Conquests. That’s what the 2008 California was all about. Opening up the Ferrari experience to a whole new audience. And, boy, did it work: In the five and a bit years from launch, Maranello built 10,000 examples, making the California the single most popular Ferrari of all time (at least if you count the original car and the 2012-on California 30 as a single model). Seven out of every ten of those cars went to first-time Ferrari customers, guys—and thousands of gals—who might otherwise have bought a top-of-the-line Mercedes, an Aston Martin or maybe a Bentley. With that remit in mind, it was understandable that the California perhaps didn’t quite excite some of the people who already owned a Ferrari. That’s where the new California T comes in.
Before you even hear a single word about the new technology on this car, you know it’s a more serious machine. The revised styling is a joint project between Pininfarina, which designed the 2008 car, and Ferrari’s in-house team, led by design director Flavio Manzoni. Working together, they did a fine job of turning the friendly looking GT into something much more aggressive.
In front, the California’s grille has been expanded, its headlights pulled back and two broad hood vents added. Moving to the flanks, the coving is now far more pronounced and the waist more pinched, lending a harder, leaner look. But the most successful changes come at the rear. Hiding a folded hardtop without decimating trunk space was always going to make for a rather matronly rump, but by lowering the trunk lip fractionally and employing visual tricks like orienting the tailpipes horizontally instead of vertically and enlarging the diffuser, Manzoni has created the impression of a much lower, wider car. The overall result is a stronger, more modern design, one that stands on its own merit rather than relying on retro cues (particularly the now-departed old-school hood scoop) for its personality.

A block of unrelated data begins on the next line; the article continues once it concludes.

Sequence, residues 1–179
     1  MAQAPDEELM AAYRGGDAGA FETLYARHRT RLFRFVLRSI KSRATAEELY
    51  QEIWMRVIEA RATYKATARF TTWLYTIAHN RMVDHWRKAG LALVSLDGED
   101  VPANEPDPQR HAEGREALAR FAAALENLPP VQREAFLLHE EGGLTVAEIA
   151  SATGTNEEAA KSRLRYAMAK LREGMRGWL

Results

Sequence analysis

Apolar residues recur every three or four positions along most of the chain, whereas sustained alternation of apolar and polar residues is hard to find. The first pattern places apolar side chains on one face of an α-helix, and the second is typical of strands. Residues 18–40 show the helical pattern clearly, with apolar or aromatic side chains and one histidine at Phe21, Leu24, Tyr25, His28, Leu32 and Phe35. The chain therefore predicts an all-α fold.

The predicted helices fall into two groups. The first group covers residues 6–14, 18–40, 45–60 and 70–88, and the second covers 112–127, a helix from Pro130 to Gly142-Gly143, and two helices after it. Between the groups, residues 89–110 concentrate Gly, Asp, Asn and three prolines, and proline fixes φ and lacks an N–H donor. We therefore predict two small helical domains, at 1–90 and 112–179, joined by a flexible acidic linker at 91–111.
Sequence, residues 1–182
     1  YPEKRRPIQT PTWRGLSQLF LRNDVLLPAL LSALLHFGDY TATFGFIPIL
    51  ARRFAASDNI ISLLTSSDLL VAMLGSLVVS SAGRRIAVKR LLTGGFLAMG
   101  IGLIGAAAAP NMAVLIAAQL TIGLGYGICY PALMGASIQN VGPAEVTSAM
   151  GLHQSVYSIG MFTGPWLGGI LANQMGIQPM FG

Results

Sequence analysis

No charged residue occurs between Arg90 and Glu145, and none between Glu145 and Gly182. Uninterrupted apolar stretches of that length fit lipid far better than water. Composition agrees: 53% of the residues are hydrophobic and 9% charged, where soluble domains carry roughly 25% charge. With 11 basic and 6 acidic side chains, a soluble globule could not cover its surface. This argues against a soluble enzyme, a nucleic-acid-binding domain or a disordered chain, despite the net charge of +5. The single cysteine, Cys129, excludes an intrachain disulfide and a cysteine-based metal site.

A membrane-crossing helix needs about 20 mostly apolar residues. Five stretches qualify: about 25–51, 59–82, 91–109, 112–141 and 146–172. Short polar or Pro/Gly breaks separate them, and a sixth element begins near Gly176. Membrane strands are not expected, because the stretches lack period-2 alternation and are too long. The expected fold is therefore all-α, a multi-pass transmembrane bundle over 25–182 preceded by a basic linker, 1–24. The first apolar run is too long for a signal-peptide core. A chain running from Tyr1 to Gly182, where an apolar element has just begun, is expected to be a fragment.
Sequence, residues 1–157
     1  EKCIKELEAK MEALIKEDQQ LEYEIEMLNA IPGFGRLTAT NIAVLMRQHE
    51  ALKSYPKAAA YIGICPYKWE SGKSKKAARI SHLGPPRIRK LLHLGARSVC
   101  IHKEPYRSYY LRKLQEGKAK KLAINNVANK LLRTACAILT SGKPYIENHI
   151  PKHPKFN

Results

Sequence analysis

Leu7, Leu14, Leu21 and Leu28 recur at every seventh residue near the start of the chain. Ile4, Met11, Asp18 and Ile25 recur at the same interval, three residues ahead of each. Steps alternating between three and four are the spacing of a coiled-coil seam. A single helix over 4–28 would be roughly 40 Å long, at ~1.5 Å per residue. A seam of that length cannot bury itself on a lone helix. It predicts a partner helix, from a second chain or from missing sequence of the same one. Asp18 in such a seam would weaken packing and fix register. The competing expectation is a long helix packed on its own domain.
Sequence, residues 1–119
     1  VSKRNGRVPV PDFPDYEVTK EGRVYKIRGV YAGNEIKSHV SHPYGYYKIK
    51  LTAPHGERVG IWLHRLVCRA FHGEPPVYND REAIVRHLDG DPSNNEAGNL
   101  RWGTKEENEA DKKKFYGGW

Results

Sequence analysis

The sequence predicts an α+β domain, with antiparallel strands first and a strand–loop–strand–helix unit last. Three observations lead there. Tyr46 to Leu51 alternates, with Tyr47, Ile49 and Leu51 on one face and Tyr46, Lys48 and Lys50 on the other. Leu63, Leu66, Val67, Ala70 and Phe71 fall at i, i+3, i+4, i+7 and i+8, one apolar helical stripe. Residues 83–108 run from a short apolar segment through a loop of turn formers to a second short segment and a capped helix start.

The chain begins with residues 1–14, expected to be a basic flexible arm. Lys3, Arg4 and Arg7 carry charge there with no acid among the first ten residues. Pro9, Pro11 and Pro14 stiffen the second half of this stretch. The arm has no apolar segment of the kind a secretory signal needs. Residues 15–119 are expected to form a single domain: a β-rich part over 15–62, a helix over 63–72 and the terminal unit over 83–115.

So it’s a better-looking Ferrari, one that’s visually more in step with the company’s other current cars. And in its own way, the latest California is every bit as significant as the LaFerrari I drove in the last issue. The clue is in the T. It’s not the letter as used in the 1989 Mondial t, with its longitudinal engine mated to an east-west transmission. This time, the T stands for turbo, because the California T is the first of a new generation of turbocharged Ferrari road cars.